Monday, 30 September 2013

KILLED BY A PADDLE 3

In 1961, the Nigerian government acquired the 49 per cent shares held by Elder Dempster and Palm Line. There was no rational justification for the acquisition. The shares were acquired out of sheer zeal to ‘take control’. The move by the Nigerian government was premature and was the first major bad policy of Nigerian leaders concerning the shipping sector.
In 1964, Donald Tod was removed from office paving the way for Nelson Oyesiku’s emergence as the first Nigerian head of NNSL.
Oyesiku was dragged to NNSL by Sir Louis Odumegwu Ojukwu who was its Board Chairman at the time. Oyesiku was working with Elder Dempster Lines as the Head of its Eastern Region in Nigeria at the time. Legend has it that Ojukwu, who was also Chairman of the Commodities Board in Eastern Nigeria, had gone to the office of Elder Dempster to negotiate freight on behalf of the Commodities Board. Ojukwu was fascinated by Oyesiku’s knowledge of shipping and invited him to NNSL.

Oyesiku came with a clear cut agenda to expand the fleet of NNSL. By the time he took over from Tod, NNSL already owned four ships. He commenced negotiations with a shipyard in Belgium to build four additional ships for NNSL. It is important to note that the company did not approach the federal government for money to buy the four new vessels. It drew up a business plan and presented its balance sheet and projected cash flows to financiers and the Belgian shipyard to acquire the four new ships. This set of new ships was classified as ‘N’ ships by NNSL.
In 1965, NNSL teamed up with Elder Dempster Lines and Palm Line to form a company known as the African Containers Express to position for container shipping which was fast gaining grounds.
By 1966, political and ethnic cleavages were beginning to manifest at NNSL pitching some of the company’s top management against each other.
In 1968, the West Africa Lines Conference (WALCON) was reorganized and replaced by the United Kingdom West Africa Lines Joint Service (UKWAL) and the Continental West Africa Conference (COWAC) with the NNSL playing a leading role.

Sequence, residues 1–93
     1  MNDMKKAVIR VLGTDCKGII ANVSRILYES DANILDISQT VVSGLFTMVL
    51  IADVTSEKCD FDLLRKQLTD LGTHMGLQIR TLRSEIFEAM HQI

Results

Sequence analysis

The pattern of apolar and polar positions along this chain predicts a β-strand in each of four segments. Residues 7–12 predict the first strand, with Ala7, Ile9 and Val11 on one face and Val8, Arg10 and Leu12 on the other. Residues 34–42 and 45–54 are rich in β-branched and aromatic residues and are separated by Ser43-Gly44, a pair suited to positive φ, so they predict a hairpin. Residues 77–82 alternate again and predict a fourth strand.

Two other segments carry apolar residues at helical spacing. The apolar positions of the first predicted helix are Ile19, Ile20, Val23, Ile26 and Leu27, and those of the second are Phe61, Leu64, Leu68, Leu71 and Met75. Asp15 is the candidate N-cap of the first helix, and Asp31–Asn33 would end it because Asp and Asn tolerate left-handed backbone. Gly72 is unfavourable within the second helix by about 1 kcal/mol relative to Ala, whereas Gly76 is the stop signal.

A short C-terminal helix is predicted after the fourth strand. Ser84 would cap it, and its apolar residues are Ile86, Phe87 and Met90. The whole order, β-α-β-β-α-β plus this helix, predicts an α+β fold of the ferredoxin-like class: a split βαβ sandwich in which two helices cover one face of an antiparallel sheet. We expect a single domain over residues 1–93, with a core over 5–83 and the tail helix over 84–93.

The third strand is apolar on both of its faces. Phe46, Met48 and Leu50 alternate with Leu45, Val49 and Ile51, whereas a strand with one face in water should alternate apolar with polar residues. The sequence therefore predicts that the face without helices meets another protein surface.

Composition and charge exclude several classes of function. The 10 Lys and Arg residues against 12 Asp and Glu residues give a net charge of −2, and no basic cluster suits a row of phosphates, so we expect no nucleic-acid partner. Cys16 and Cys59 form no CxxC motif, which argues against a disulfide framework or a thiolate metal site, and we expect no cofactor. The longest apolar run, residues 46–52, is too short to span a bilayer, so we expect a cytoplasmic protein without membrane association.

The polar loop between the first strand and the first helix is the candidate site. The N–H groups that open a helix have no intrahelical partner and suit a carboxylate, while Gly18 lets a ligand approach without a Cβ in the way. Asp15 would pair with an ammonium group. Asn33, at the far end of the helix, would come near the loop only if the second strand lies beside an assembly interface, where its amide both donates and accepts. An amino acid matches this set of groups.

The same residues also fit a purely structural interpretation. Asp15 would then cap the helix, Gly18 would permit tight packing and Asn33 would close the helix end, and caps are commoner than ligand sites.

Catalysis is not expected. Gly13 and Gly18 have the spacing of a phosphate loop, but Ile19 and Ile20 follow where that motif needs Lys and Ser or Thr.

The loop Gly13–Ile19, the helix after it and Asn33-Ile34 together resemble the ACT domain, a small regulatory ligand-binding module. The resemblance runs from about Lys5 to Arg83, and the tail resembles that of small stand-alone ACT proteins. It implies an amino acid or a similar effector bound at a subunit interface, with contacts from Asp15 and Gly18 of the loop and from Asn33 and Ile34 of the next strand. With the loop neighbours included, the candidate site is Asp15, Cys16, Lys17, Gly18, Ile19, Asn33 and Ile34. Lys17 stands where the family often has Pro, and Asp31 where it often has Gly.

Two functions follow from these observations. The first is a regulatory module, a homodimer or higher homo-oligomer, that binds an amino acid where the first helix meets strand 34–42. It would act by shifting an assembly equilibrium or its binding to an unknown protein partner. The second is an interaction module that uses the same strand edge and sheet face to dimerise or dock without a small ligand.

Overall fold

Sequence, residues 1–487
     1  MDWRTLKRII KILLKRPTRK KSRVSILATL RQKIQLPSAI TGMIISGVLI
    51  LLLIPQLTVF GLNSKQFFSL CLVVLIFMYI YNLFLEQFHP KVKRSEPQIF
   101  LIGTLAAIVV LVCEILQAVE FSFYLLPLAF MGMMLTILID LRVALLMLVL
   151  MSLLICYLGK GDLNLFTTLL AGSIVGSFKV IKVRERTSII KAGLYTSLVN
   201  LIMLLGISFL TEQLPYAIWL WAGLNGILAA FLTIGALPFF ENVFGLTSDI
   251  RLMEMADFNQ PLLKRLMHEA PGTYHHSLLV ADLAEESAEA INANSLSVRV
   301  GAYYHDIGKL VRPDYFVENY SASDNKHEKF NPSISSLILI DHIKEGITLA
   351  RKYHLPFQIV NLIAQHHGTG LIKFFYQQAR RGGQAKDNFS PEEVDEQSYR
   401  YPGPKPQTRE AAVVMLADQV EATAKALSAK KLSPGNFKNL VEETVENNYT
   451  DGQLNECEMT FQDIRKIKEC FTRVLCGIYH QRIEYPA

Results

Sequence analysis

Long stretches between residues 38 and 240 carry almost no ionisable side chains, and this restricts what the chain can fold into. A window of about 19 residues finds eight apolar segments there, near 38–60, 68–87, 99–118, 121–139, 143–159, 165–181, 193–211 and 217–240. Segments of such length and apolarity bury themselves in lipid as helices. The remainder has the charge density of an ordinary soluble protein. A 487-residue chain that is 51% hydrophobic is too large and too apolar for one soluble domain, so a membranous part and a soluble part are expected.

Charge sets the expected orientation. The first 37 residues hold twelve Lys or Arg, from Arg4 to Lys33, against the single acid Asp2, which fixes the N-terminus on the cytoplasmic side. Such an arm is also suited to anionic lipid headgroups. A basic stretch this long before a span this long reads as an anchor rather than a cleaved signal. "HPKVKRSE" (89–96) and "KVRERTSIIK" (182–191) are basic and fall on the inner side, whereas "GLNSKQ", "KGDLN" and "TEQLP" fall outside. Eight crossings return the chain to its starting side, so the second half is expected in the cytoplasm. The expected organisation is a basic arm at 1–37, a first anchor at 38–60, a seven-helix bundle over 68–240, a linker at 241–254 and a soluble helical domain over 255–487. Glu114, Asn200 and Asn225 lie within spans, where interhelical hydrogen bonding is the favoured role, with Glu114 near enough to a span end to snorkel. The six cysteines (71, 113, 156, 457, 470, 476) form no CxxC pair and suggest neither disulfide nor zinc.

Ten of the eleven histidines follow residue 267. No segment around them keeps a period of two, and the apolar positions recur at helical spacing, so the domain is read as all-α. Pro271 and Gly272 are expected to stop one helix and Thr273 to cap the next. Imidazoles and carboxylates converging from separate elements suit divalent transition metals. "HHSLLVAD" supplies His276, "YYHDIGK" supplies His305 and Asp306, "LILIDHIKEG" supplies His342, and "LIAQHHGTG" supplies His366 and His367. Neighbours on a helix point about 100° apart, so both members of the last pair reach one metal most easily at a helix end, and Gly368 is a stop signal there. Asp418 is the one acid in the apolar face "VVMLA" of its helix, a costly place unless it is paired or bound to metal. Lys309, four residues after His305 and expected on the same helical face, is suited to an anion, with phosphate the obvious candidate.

The same year he successfully negotiated the formation of UKWAL and COWAC, Chief Oyesiku resigned from NNSL in anger. He had taken delivery of only one of the four ships he ordered at the time of his resignation. The remaining three were still undergoing construction.
“I am a professional and it got to a point where I could not bear the intrigues anymore. The nepotism, politics and what have you were unbecoming and I did not think that was good enough for a company like NNSL so I quit”, Chief Oyesiku told me bluntly in July 2012 when I visited him in his country home in Abeokuta.
Chief Oyesiku’s premature departure from NNSL would later have dire consequences for Nigeria’s shipping sector.
In 1968, very few Nigerians had the kind of experience required to administer a national shipping line. It was very difficult to find local replacement to head NNSL. The federal government had to place an international advertisement for Oyesiku’s replacement. Eventually a Chinese was employed to run the line.
During the Nigerian Civil War which lasted for three years from 1967 to 1970, the Nigerian military made free use of NNSL vessels to transport troops. The ships played a key role in the advances made along the coast in 1969. With the end of the Civil War in January 1970, General Yakubu Gowon announced an extensive program to revive the economy. NNSL took delivery of the remaining ships ordered in the late 1960s while contracts were awarded for rehabilitation of the ports of Calabar and Port Harcourt.
NNSL continued to grow with its fleet increasing to 15 vessels by 1971. Its ships were however becoming old and unable to meet the challenges of modern shipping especially the advent of containerization.
Apart from the ones ordered under Oyesiku, the others were bought fairly used.
 

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